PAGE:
Why pest control businesses are making a killing
You can't tell what Graeme Hill does for a living just by looking at his Danger Mouse socks, but they might give you a clue.
Is he a fan of the animated superhero? Perhaps, but his day job revolves much more around real-life rodents. Graeme is one half of Scottish husband-and-wife pest-fighting duo Wee Critters, and there is nothing else he would rather do.
Graeme is not the only one - the worldwide pest control industry is going from strength to strength.
According to market research company IbisWorld, the sector in the UK alone is worth more than £367m and growing. In the US it's worth more than $11bn (£7bn).
Graeme and his wife Sylvia earned their first contract as Wee Critters in 2009, after Graeme had spent 10 years working as a pest control technician with another firm based in Edinburgh.
"I knew there was a gap in the market for a more personalised service," he says. "I genuinely care about the people I'm working for - I do as much as is humanly possible to rid them of their problem."
Sylvia, who has a degree in psychology, came up with the company name to reflect their caring approach. "The name works very well for us and creates the right impression," she says.
"Lots of our customers of all age groups comment on it and tell us that when they saw our name they knew we were the right company for the job.
"Often people remark on the fact that the name takes away the 'nasty' side of pest control, and makes them feel better about the situation. This is exactly what we want to achieve."
Graeme and Sylvia say that Wee Critters is growing at a rate of about 40% a year.
The UK pest control industry as a whole is growing by about 6% a year.
That's largely because there are simply more pests around. Some are displaying unusual migration habits, due to both manmade and natural factors, such as exceptionally hot or cold weather.
And some insects and flying creatures are multiplying at faster rates, according to Rentokil, one of the UK's leading pest control companies.
On average, it says, bedbugs lay 350 eggs a year, in batches of 10-50.
Houseflies deposit eggs in batches of 75-150, and may deposit as many as 20 fertilised batches from a single mating; breeding rates for houseflies are dependent on environment.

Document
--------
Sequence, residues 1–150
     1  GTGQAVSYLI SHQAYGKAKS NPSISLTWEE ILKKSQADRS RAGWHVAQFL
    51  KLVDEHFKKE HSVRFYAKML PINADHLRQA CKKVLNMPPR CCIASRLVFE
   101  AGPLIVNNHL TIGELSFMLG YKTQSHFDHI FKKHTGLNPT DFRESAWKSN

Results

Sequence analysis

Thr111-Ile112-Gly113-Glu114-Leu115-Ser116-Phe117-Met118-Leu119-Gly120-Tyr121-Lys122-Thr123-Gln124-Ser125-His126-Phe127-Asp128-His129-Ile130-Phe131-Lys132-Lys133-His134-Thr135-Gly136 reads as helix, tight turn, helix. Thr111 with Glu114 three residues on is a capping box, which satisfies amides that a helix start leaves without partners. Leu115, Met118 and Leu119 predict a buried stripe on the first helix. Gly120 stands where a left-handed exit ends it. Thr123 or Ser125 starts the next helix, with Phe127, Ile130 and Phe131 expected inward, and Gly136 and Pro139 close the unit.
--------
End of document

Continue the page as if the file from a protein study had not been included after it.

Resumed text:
Rodents produce litters of anything from four to 16, born three weeks after conception.
The key thing for rodents is that if they have found food and shelter, the females can suckle one litter while gestating the next.
Growth in Asia helped Rentokil increase its pest control revenue by 16.5% in the first six months of this year.
According to David Cross, Rentokil's UK technical manager, the types of pests faced tend to vary from year to year.
There has been a recent global rise in callouts relating to bedbugs, he says, which is reflected in the UK. On a local level, warmer weather has led to longer breeding seasons and larger populations of insects or rodents.
"In the UK, 2013 has seen some interesting rises in different pest activity," Mr Cross says.
"The oak processionary moth was heavily reported through the media during early summer, we saw a significant increase in wasp activity compared to the previous year, and more recently there has been an increase in requests for the control of false widow spiders, particularly around the south coast of England."
According to IbisWorld analyst Temitope Onabanjo, wet weather this year has "spurred a rise in the number of rodents such as rats and mice coming indoors", while the change to fortnightly bin collection is cited as the main reason for an increase in small insects such as ants and maggots.
Greater use of second-hand furniture, driven by the economic downturn, is also leading to greater pest problems - an infestation in one home can be transferred in the furniture to another home.
At the same time, the British Pest Control Association (BPCA) warns that many local authorities are cutting or discontinuing their pest control activities.
It says 35% of councils do not currently have an in-house service, and of those that do only 7% still offer free treatments, according to the BPCA's 2013 National Survey.
The result is that the market for private pest control films is expanding.
The nature of the business is changing too. Conventional tools such as poisons are gradually giving way to new, innovative ways to kill pests.
Mark Sheahan, the inventor-in-residence at the British Library's Business & IP Centre, has spent recent years working on his patented Putdown rat trap, which uses no poisons or powders, and resets itself so it can kill continuously. He does not wish to give too much away, but says that it uses a natural abundant resource to kill the rats, which is harmless in any other form outside of the trap.
"What I say is that if you call a pest controller now, you are probably looking at £80 callout, and maybe they have to come back two or three times to put poison down. That is going to cost £200-300," he says.
"My system, I believe, can be made for around £5 or £6 all in, and I'd sell it for £25. And I think people would pay that. It kills more than one rat a night, and is reasonably humane."